We discussed an abundance of cloud-related ideas – most pertaining to obvious areas such as web presence in marketing, after-sales application hosting to make field engineers more productive, and collaboration as a service to enable partners and suppliers to work together more effectively on large projects.
The uncharted cloud territory, however, is the area that manufacturers see their “core”: the physical making of things. Can cloud play a role in supply chain management (yes, it can)? Will there be a cloud service for motion control (due to latency and determinism considerations, not yet) and for asset management and MIS applications (yes)? Read More »
Tags: Cisco, cloud, Cloud Computing, cloud services, context, control, core, Governance, IBSG, Manufacturing, manufacturing industry, security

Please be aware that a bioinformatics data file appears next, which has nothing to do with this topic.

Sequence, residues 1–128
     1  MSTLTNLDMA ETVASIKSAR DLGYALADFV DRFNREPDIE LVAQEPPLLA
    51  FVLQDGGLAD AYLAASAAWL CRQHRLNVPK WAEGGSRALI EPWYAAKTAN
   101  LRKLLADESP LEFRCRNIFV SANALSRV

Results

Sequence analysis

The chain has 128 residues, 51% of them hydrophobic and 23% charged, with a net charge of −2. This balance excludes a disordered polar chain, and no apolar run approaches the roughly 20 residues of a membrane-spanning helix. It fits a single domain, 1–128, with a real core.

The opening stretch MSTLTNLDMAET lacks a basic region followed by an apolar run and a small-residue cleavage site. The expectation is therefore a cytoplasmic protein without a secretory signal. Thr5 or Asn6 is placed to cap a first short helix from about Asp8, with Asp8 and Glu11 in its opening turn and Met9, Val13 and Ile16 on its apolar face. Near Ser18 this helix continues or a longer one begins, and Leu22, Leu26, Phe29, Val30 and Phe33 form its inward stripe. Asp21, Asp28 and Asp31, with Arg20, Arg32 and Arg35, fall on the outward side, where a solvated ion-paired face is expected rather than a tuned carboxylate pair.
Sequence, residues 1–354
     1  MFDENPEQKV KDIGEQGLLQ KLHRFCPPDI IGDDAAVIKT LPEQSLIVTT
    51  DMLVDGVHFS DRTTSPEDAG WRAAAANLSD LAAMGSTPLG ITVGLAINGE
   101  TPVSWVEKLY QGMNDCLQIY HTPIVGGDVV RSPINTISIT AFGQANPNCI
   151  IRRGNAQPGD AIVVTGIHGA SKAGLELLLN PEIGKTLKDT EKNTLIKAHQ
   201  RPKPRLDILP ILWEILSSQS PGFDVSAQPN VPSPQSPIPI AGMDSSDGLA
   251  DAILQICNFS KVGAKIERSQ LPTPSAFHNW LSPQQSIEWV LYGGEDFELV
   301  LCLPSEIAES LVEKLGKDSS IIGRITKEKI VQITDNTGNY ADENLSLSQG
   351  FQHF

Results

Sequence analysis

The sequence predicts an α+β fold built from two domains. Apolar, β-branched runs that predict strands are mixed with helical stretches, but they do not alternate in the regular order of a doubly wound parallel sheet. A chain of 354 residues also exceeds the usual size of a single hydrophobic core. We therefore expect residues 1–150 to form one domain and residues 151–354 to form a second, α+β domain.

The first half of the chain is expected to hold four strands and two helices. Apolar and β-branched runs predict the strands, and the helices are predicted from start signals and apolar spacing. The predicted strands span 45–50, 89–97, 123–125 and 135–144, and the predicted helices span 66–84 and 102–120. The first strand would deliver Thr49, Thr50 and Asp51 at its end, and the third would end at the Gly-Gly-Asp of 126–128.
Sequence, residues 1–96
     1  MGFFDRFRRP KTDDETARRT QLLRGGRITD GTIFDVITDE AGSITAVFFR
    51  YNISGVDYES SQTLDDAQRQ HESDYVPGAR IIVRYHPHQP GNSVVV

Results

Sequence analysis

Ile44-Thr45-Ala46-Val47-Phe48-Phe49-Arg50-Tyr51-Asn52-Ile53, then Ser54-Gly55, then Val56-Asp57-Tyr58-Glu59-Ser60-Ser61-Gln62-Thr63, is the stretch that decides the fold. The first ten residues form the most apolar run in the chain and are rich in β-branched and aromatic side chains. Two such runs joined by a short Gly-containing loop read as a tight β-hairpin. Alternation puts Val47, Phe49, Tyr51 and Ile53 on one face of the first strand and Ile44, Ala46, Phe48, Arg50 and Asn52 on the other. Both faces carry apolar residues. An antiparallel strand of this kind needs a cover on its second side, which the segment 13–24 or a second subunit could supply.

The projected growth of Internet video is significant. Today, Internet video accounts for more than 50 percent of consumer Internet traffic. The explosion of video traffic across many devices, and the need to access content from anywhere at any time is driving the need for cloud-based networks and the popular applications and content they support.
Cloud-based networks can offer consumers greater mobility, wider accessibility and the robust performance needed for high quality video experiences. With an Internet connection, cloud computing makes it possible to experience video on many different devices, from virtually anywhere, anytime.
The strength and power of cloud computing makes the video transition to cloud-enabled networks a better option for not only Service Providers but consumers as well. Consumers can expect increased performance, higher capacity, better access and a seamless experience when their services are based in the cloud.
Cloud’s limitless accessibility for end users coupled with the advantages of cloud data centers for network operators and enterprises offer the technology and solutions to transform and accelerate Internet video delivery and consumption in the near future.
Are you ready for video in a global cloud?
Tags: cloud, video